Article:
Bhel’s results a call to temper expectations1 min read . Updated: 07 Apr 2015, 01:35 AM IST
The main reason for poor performance can be attributed to weak revenue growth due to the slow movement of orders in hand and lengthy billing cycles
The provisional 2014-15 results of Bharat Heavy Electricals Ltd (Bhel), the country’s largest power equipment maker, mirrored the dismal state of the capital goods sector. Project delays, cost overruns and weak order inflows are hurting performance.
Its March quarter numbers (derived from full-year results) were way below the Street’s forecast. The biggest shocker was the 56.9% drop in net profit against the year-ago period. It was 25% lower than Bloomberg’s consensus estimates in spite of analysts being cautious.
For the full year, too, Bhel posted a net profit of ₹ 1,314 crore, which was 38% lower than a year ago and nowhere close to brokerage forecasts. The main reason for its poor performance can be attributed to weak revenue growth due to the slow movement of orders in hand and lengthy billing cycles. The management is in the silent period, given the proposed equity share sale by the government.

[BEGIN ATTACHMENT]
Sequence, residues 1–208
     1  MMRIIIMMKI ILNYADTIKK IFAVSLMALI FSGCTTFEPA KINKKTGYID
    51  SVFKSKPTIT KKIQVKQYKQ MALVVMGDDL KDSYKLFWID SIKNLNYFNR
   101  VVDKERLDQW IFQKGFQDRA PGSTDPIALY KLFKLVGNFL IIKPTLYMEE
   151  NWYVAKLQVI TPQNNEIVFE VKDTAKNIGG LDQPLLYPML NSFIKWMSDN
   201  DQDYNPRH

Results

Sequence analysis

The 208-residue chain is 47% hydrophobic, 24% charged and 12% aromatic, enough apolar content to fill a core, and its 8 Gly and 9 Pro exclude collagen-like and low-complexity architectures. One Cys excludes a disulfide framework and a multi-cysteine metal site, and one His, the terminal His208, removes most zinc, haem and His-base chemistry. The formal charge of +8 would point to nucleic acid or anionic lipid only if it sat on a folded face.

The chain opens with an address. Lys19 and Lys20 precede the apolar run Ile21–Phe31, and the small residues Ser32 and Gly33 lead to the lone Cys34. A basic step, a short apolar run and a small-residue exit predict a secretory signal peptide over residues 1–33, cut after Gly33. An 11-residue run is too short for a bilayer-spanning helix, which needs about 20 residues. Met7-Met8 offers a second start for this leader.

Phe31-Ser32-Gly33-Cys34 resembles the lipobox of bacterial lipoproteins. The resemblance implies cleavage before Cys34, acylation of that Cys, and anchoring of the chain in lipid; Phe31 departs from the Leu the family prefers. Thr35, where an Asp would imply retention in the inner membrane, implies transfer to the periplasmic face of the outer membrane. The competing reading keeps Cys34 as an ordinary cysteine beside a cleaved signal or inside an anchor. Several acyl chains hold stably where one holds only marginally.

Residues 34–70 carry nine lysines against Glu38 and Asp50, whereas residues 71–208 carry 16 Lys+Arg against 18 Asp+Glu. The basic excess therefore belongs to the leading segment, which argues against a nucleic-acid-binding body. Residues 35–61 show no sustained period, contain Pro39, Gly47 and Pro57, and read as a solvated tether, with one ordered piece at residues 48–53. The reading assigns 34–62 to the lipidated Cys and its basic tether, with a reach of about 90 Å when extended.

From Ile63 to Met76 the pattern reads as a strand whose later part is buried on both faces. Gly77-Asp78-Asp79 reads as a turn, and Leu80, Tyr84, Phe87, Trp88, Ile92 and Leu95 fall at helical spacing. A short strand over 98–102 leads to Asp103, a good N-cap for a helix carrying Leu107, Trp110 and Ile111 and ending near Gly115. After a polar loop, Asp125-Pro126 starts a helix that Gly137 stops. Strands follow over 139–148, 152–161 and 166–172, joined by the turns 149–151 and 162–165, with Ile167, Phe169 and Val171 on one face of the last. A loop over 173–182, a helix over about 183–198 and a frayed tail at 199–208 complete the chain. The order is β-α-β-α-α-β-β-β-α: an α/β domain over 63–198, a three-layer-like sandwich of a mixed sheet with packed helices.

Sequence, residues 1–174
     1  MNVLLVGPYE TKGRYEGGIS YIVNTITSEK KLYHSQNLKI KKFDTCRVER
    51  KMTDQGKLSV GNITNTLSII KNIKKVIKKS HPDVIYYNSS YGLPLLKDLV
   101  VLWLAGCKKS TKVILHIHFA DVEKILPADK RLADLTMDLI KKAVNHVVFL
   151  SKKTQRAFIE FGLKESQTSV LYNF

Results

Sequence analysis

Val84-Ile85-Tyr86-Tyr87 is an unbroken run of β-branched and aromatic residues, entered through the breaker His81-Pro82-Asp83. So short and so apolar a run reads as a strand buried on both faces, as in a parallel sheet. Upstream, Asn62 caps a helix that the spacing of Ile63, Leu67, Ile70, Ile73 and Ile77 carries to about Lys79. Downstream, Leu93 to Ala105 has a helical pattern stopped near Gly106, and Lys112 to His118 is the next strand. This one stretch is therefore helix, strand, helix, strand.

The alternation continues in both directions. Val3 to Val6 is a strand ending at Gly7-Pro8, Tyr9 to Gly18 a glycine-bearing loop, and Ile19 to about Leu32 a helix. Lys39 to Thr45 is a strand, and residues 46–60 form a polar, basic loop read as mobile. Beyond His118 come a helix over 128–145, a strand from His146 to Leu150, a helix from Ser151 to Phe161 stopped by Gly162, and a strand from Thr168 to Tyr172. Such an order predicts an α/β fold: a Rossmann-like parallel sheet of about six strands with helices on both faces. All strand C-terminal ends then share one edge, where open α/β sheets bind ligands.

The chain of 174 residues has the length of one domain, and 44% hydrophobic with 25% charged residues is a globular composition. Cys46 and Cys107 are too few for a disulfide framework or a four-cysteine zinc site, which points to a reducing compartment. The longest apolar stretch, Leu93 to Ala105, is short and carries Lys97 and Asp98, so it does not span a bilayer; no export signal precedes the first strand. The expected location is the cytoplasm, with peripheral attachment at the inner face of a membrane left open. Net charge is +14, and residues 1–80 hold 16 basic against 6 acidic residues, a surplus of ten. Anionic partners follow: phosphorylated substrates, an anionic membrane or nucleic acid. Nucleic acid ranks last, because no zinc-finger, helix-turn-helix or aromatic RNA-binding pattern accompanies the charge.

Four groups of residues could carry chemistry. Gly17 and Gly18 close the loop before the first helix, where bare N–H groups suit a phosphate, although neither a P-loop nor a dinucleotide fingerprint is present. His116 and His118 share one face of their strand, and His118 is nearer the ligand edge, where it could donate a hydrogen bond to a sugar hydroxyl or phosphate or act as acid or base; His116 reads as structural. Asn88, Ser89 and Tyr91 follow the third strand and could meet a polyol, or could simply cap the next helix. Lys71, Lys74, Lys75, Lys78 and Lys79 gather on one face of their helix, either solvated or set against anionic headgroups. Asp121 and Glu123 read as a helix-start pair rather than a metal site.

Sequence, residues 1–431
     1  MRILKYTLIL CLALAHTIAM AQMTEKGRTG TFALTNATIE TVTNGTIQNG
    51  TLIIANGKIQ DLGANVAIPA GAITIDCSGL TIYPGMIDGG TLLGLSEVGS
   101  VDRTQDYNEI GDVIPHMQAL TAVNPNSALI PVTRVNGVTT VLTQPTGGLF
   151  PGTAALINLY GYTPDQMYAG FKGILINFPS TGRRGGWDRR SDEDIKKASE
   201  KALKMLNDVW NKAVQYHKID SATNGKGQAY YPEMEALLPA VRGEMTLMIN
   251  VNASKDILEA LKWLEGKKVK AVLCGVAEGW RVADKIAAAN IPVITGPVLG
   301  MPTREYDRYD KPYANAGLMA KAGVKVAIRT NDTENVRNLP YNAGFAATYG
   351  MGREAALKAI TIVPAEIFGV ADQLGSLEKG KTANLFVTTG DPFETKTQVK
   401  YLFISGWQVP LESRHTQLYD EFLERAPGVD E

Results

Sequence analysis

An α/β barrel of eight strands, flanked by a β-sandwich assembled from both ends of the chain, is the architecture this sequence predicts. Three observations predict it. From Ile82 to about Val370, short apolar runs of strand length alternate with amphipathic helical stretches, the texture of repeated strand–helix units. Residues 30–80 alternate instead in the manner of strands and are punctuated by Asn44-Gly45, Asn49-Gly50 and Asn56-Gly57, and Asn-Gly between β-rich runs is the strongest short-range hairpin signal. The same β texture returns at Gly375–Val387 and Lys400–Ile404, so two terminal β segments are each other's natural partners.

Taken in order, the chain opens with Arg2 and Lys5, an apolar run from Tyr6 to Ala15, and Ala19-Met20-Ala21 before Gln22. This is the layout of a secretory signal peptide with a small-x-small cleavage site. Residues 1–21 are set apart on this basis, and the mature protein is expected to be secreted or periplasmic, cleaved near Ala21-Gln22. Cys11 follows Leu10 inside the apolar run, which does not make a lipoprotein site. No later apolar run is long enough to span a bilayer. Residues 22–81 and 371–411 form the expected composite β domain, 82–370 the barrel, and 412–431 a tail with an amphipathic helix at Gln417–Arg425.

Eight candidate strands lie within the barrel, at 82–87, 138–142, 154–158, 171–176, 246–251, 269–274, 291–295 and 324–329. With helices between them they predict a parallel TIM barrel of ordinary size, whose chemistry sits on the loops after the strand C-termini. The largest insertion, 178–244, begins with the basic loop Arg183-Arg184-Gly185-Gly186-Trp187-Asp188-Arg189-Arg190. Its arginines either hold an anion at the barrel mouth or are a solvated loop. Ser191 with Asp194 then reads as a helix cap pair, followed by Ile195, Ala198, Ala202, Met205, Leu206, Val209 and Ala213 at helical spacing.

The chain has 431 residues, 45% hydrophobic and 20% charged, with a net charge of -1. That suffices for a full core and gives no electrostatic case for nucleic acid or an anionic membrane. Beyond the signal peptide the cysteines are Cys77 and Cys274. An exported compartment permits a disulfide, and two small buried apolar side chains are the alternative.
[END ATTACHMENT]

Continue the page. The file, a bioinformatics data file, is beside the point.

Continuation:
Note that Bhel shares had rallied significantly a year ago on news of the government’s divestment programme. Bhel’s performance after that did not support the rally. Net profit in the first three quarters of 2014-15 had fallen 58%, 81% and 69%, year-on-year, as the company’s operating performance flagged, in spite of stringent cost-control.
Bhel’s full-year earning per share of ₹ 5.4 is a full 40% below Bloomberg’s consensus earnings estimate. At ₹ 235, the stock discounts one-year earnings estimates 22 times. Analysts may revise estimates downward, given its performance.
The only positive development is a 10% increase in full-year order inflows to ₹ 30,800 crore. But this, too, has fallen short of the management’s watered down estimate of ₹ 50,000 crore for 2014-15. The March quarter’s order inflow fell by nearly 38% over a year ago.
While the current situation seems gloomy, a gradual recovery in the economy and the government’s focus on infrastructure investment are positive factors. Bhel is expected to see an increase in orders only in the last lap of the investment cycle, when the actual equipment orders are placed. Power equipment comprises three-fourths of its revenue.
Some months ago, Religare Capital Markets Ltd had indicated in a research report that while there might be some improvement in order inflows over the next two years, slow revenue growth and margin pressure would keep Bhel’s return on capital employed depressed.